Milton Albert Stuck
Store owner, electrician
Milton Albert Stuck, a retired businessman from Pikesville, died Thursday after his station wagon was struck in a collision on Park Heights Avenue in Baltimore County. He was 78.
A high school dropout during the Depression, Mr. Stuck owned a hardware store in the early 1950s and later founded an electrical contracting firm, which he ran for 15 years before retiring in 1980.
A native of Baltimore, he grew up in Pimlico and attended Forest Park High School. He left school at 17 to help support his family after his father's death in 1934.
In 1941, he went to work at Westinghouse's Naval Radar Plant on Wilkens Avenue as a production worker. There he introduced several innovative and time-saving production methods that led to his being named production supervisor and gaining the nickname of "Young Tom Edison," said his son, Michael Stuck of Reisterstown.
Mr. Stuck served in the Army in Germany in 1945 and 1946. He opened Milton's Hardware in Pimlico in 1952 and closed it six years later when he began working as an electrician. In 1965, he started Milco Electric Inc. on Park Heights Avenue. He sold the company in 1980.
"He had a very creative eye and the ability to see things that others couldn't see," his son said. "He could have been an architect."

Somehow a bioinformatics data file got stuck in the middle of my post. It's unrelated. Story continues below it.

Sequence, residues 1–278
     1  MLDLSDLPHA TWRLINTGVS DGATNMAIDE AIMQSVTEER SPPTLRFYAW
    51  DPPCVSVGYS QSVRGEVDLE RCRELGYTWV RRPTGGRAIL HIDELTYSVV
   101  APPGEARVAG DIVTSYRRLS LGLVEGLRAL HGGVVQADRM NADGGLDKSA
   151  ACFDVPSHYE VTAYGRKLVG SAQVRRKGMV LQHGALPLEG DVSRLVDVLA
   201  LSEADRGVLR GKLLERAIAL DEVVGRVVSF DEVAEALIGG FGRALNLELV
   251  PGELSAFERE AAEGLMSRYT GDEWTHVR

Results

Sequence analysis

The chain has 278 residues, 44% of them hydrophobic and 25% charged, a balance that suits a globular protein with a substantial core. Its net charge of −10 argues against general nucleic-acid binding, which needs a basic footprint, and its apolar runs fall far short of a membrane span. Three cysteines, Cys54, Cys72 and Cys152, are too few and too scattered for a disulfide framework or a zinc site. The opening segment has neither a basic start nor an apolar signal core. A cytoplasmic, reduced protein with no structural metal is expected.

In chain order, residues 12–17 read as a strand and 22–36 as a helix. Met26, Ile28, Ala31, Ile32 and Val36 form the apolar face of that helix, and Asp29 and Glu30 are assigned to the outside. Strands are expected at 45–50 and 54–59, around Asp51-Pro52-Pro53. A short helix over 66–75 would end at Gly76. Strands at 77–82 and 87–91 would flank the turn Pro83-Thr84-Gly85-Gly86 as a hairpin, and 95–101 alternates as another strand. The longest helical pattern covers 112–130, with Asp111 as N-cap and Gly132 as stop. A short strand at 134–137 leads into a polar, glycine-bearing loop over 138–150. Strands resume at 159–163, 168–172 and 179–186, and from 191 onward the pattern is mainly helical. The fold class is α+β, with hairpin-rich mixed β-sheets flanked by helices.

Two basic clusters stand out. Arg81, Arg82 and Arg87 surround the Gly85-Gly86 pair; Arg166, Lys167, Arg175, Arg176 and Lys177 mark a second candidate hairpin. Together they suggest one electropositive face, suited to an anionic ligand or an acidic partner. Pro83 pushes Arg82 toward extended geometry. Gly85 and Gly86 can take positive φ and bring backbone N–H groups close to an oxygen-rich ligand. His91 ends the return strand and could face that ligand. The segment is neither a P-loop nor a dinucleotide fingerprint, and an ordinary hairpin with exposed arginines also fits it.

He was a member of the Jewish War Veterans and the Randallstown Synagogue Center.
Services are to be held at 11 a.m. today at Sol Levinson & Bros., 6010 Reisterstown Road.
In addition to his son, his survivors are his wife of 51 years, the former Gertrude Ehrlich; a daughter, Ellen Stuck-Neu of Santa Cruz, Calif.; a sister, Miriam Liebeskind of Burtonsville; and a grandchild.
Margaret D. Huey
Margaret Denmead Huey, a former teacher and homemaker, died Wednesday of complications from a stroke and emphysema at St. Joseph Medical Center. She was 90.
A resident of Edenwald retirement community in Towson since 1990, she taught second grade at Calvert School in the early 1930s before her 1934 marriage to Edward Greene Huey, who was assistant headmaster and a teacher at the North Baltimore private school. He died in 1959.
Mrs. Huey had lived at the Ambassador Apartments and earlier was a 20-year resident of Roland Park. During the 1960s, she worked in the museum shop of the Baltimore Museum of Art.
Born in Baltimore, she was a 1922 graduate of the Bryn Mawr School and earned her bachelor's degree in 1927 from Goucher College.
She enjoyed French studies and was active in the Goucher College Alumni Association. She was a longtime member of Bolton Hill's Brown Memorial Presbyterian Church.
Plans for a memorial service at Edenwald were incomplete.
She is survived by a son, Talbott W. Huey of East Lansing, Mich.; and four grandchildren.